Fifth, the establishment is now talking about reelection of the Constituent Assembly. This is nonsense. It has become abundantly clear that other alternatives have to be explored to find a way out of the current political and constitutional vacuum. We have proposed a roundtable conference with the participation of all parties as well as representatives from marginalized groups and all classes and sections of the society. That conference should decide the country’s future governance and a way out of the current crisis.

Can these conditions be met without the resignation of Prime Minister Baburam Bhattarai which you have been demanding?

After the government was declared a caretaker, the issue of prime minister’s resignation is irrelevant. What is more important is that the proposals forwarded at the party’s official meets be taken seriously. What is happening now is that we put forth certain proposals and the chairman assures us that all of them will be addressed. What happens instead is that the chairman forgets about the proposals even before the ink on it has dried. This happened during the Palangtur plenum, the Kharipati plenum and also in the course of our most recent negotiations. We want the party leadership to hear our voice.

You have said that both the tactical line and leadership of the establishment faction has failed. Are you suggesting that the leadership make way?

We have never raised the question of the chairman’s resignation. It is the chairman who popularized the concept. I have told him that resignation is no solution to the current crisis. Instead, he should correct his course on party tactical line and politics.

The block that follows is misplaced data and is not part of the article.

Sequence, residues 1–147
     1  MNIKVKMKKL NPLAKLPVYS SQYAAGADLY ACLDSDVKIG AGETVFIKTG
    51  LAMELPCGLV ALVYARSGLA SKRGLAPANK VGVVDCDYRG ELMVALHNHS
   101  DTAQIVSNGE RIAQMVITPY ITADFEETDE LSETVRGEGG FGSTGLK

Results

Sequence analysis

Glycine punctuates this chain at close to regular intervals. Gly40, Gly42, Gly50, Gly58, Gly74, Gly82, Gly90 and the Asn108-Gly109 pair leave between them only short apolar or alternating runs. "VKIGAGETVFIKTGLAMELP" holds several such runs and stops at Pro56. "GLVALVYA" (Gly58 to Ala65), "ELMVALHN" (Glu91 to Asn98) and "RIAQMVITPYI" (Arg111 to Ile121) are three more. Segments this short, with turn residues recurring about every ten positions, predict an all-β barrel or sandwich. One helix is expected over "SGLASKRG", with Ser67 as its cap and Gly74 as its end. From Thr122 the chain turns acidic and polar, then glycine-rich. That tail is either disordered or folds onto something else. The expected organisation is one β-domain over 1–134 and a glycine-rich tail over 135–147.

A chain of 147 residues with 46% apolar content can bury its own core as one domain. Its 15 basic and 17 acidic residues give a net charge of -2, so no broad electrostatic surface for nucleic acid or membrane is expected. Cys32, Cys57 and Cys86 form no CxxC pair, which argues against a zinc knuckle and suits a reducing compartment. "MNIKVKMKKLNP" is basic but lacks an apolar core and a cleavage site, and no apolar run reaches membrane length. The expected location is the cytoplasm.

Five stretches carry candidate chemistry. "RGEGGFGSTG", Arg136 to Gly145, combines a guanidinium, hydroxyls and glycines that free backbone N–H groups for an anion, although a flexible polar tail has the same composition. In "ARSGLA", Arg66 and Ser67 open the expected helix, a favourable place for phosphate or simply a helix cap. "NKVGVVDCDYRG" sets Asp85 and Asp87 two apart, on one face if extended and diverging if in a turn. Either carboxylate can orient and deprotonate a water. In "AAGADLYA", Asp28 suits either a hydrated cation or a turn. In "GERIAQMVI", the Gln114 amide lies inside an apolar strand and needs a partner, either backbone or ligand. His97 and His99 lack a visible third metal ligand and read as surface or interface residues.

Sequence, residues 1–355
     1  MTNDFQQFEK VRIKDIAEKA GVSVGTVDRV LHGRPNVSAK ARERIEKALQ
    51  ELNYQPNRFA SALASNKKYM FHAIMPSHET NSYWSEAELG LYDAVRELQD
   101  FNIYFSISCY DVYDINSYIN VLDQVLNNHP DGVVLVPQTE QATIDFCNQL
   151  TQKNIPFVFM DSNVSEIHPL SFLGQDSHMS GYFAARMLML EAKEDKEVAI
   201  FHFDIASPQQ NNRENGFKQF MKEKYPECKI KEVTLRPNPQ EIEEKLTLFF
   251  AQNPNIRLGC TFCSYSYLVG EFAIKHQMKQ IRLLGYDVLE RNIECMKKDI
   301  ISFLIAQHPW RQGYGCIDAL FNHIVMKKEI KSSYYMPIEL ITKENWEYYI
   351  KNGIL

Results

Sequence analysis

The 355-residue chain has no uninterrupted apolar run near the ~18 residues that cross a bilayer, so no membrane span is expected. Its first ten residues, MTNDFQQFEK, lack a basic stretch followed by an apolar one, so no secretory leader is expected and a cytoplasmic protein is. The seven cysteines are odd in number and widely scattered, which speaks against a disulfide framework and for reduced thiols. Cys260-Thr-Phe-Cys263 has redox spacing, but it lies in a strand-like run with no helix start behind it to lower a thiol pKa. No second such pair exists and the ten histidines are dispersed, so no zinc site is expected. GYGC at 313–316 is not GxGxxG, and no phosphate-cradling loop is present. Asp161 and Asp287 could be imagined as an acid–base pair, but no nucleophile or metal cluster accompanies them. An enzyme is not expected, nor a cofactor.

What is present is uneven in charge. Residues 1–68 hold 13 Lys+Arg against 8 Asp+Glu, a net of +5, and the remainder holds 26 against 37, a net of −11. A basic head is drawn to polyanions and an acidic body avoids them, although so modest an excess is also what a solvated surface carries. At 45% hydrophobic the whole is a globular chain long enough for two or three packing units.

There have been media reports that you proposed party presidency for yourself and prime ministership for Ram Bahadur Thapa as a possible meeting point.

That is not true. I think Biplap (Netra Bikram Chand) said it in a particular context. But he also suggested that the leadership correct its course on tactical and political line. We have never made and will never make posts a bargaining chip during discussions. What you also got to remember is that the chairman announced he was ready to step down but the very next day he said he was not ready to give up the post as yet. Thus neither did the chairman ever offer to resign in good faith nor have we ever made his resignation an issue in our discussions.
Neither did the chairman ever offer to resign in good faith nor have we ever made his resignation an issue in our discussions.

But hasn’t the party been vertically split, right from the top leadership to the grassroots level? In such a situation how acceptable will a negotiated settlement among top leaders be?

One of the reasons we are holding the national convention on June 15 is to settle this question. But I also think that any initiative towards this end has to be taken at the leadership level.

There are speculations that as in Palungtar and Kharipati, you will again compromise and a split will be avoided.

No, we will not compromise on our agenda this time.

Chairman Dahal has said that you don’t have the guts to break the party.

I think that is a statement made to provoke us. We will not succumb to such provocations. Ultimately, what decides whether the party stays one or not depends on whether there can be a meeting point on party line and politics. Our goal is to keep the party united, but we want the unity to be based on the establishment’s course correction. If the leadership does not acknowledge its failings and is not ready to make any kind of course correction, there can be no unity.